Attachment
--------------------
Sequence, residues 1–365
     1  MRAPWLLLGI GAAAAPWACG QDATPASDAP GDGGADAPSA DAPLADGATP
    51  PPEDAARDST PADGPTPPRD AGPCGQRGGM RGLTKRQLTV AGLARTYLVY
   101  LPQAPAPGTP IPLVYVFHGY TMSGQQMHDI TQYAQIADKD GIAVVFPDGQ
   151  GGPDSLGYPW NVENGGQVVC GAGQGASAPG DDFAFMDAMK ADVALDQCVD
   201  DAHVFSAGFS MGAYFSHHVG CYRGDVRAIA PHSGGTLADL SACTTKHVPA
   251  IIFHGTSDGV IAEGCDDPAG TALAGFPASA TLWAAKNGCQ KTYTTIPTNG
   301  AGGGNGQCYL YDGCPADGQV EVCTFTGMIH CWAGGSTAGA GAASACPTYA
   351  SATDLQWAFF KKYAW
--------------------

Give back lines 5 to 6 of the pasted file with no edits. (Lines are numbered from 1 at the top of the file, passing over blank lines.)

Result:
   151  GGPDSLGYPW NVENGGQVVC GAGQGASAPG DDFAFMDAMK ADVALDQCVD
   201  DAHVFSAGFS MGAYFSHHVG CYRGDVRAIA PHSGGTLADL SACTTKHVPA